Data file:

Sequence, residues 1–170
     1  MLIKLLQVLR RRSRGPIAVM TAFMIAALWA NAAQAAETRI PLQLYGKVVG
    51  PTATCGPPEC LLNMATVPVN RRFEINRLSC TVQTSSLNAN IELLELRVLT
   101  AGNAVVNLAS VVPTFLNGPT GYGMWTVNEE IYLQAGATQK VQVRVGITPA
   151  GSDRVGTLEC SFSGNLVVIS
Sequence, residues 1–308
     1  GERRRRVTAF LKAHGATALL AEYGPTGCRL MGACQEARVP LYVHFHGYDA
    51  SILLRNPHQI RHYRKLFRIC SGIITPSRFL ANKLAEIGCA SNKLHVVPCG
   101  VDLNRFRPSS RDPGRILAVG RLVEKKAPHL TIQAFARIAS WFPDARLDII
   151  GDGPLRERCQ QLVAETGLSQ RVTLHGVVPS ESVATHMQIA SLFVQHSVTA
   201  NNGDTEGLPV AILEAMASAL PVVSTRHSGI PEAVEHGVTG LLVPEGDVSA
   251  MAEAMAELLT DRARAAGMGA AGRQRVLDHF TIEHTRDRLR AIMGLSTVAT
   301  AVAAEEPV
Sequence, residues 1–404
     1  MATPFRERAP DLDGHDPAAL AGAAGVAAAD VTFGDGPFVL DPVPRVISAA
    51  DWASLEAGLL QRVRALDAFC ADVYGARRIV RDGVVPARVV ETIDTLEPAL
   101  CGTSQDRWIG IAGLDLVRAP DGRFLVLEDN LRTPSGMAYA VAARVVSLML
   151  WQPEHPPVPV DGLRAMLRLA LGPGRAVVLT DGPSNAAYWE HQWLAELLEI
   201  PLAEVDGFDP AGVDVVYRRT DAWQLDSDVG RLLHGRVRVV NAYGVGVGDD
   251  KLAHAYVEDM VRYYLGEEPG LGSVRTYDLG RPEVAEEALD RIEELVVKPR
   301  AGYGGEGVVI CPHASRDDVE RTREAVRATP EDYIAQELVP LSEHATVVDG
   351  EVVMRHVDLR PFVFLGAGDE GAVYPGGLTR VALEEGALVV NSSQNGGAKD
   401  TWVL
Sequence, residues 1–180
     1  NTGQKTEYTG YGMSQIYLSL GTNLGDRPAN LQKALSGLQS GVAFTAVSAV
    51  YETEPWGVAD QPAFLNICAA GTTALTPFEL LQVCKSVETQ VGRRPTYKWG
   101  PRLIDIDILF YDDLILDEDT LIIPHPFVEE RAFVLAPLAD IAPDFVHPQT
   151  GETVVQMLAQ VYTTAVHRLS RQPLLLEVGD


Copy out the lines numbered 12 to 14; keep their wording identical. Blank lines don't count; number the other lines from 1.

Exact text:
   251  MAEAMAELLT DRARAAGMGA AGRQRVLDHF TIEHTRDRLR AIMGLSTVAT
   301  AVAAEEPV
Sequence, residues 1–404